In the United Kingdom, the
into the “culture, practice and ethics of the press” has released
its long-awaited awaited report, and the
result is pretty much as expected (PDF): Assurances as to the
value of a free press, coupled with calls for regulation of the
press backed by law. As you might expect, the report has been met
with glee by most politicians — with the perhaps surprising
exception of Prime Minister David Cameron.
In the House of Commons, the prime minister
Now I have some serious concerns and misgivings on this
They break down into issues of principle, practicality and
The issue of principle is that for the first time we would have
crossed the rubicon of writing elements of press regulation into
the law of the land.
We should I believe be wary of any legislation that has the
potential to infringe free speech and a free press.
In this House – which has been a bulwark of democracy for
centuries – we should think very, very carefully before crossing
If that sounds to you like a less-than-enthusiastic enforsement
of unfettered freedom, it’s still the best you’re going to get from
a prominent British official. Especially since Cameron has
promised to resist press-regulation even if it’s approved by
Nick Clegg, Mr. Cameron’s coalition partner, chose to
demonstrate that there’s damned little that’s still liberal about
his Liberal Democrats by breaking with Cameron and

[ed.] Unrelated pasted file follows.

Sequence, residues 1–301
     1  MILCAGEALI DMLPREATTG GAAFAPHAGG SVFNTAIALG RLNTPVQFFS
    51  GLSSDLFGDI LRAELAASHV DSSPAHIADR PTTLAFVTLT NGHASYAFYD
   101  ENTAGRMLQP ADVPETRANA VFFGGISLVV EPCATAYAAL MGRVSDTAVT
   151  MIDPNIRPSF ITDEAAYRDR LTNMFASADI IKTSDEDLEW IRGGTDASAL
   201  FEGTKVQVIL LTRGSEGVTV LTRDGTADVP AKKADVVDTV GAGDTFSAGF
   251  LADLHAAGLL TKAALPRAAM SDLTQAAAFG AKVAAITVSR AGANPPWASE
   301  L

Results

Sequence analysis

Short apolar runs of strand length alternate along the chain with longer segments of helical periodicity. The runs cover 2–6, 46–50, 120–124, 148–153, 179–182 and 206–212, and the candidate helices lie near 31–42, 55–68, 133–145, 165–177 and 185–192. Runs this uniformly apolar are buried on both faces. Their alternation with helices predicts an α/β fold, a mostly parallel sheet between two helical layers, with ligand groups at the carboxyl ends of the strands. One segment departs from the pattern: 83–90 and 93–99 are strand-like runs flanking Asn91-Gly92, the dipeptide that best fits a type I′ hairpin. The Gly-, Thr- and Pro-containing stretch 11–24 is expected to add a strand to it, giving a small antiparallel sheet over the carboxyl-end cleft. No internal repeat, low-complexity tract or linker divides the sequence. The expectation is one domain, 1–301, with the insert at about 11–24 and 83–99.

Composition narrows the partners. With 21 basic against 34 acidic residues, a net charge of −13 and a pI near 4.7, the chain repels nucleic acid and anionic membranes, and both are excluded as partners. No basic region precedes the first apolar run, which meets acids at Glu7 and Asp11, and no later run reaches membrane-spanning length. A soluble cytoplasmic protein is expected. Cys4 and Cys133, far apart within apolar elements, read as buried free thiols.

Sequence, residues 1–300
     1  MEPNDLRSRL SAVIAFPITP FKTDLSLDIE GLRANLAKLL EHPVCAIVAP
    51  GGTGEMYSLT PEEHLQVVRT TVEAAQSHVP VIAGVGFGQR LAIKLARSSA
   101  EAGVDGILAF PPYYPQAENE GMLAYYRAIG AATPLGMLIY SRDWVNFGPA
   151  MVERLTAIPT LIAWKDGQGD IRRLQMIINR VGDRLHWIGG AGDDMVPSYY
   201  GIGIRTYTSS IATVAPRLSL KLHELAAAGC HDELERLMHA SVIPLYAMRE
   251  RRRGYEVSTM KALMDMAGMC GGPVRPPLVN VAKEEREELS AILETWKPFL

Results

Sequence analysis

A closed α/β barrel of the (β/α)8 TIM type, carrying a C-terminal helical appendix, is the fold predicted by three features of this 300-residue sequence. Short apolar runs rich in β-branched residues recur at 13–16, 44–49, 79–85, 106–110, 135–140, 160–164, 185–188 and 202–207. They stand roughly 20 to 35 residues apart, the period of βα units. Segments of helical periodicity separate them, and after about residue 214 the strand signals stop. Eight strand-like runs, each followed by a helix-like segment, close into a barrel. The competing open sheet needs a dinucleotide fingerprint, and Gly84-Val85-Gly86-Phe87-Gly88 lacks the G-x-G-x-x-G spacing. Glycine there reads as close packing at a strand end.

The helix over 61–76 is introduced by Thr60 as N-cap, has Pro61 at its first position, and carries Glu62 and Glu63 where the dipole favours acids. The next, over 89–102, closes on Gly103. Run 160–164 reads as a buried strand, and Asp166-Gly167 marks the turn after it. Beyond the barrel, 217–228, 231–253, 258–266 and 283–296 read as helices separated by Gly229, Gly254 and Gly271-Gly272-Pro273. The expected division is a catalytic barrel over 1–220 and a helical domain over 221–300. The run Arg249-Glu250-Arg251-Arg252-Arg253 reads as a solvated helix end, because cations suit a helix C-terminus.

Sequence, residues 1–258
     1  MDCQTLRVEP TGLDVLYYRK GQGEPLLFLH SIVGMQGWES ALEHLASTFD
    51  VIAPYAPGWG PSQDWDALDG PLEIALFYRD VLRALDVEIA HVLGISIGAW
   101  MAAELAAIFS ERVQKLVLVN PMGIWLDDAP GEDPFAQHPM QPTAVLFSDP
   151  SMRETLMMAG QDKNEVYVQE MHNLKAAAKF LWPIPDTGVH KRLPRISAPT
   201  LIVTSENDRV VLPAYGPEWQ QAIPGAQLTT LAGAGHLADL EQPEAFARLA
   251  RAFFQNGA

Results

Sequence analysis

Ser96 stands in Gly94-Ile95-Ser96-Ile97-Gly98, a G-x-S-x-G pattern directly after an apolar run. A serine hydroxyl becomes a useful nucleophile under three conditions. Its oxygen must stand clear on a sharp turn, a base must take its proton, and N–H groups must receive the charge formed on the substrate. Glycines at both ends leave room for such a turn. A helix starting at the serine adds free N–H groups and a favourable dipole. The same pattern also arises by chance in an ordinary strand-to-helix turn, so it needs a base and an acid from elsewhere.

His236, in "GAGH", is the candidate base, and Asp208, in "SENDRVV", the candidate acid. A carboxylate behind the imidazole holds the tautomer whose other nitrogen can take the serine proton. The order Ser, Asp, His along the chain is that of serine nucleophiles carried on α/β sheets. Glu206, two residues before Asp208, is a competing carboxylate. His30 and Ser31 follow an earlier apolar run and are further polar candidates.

endorsing regulation of the press:
I have always said that I would support Lord Justice Leveson’s
reforms, providing they are proportionate and workable. I will come
onto why – at first glance – I believe that to be the case for the
report’s core proposal: for a tougher system of self-regulation,
supported by new, independent checks, recognised in law.
Ed Miliband, the leader of the opposition Labour Party which was
largely responsible for turning Britain into the charming
quasi-police state it is today during its years in power, endorsed
the idea of press regulation even before the report was released.
No surprise, he
signed on whole-heartedly to its recommendations.
For its part, the British press has been remarkably subdued in
its reactions, generally praising Cameron for holding the line,
while engaging in a little public-self-criticism to satisfy the
mob. The lefty Guardian went so far as to
largely endorse the Leveson recommendations.
Of note, the weekly Spectator
vows defiance of any regulatory regime, and Mick Hume at
The press is already far too unfree, hemmed in by dozens of
restraining laws and by informal self-censorship. A top editor has
warned of an ‘ice age’ for investigative journalism even before a
new regulator is imposed. What we need is more diversity, boldness
and troublemaking in the press. The last thing required is another
policeman, state-uniformed or not, looking over the shoulders of
journalists and editors.
It’s easy to be smug, as an American, and rest on this country’s
First Amendment protections and history of relative respect for the
free press. But we’ve had periods of state-domination of the media
in this country, especially duing wartime, and most of the media
complied with barely a whimper. I’m not convinced that American
journalists would show more defiance than their counterparts across
the Atlantic if the control freaks in D.C. sought more power over
the profession that’s supposed to hold them to scrutiny.
But, since we do still have somewhat firm protections for the
free press in the United States, it might be worth extending that
umbrella to our colleagues. Even before a new British media
regulator is in place, I’d like to see American media offering to
help their colleagues defy such control by publishing material
online and out of reach of the U.K.’s government. A little
subversive solidarity wouldn’t be a bad thing.
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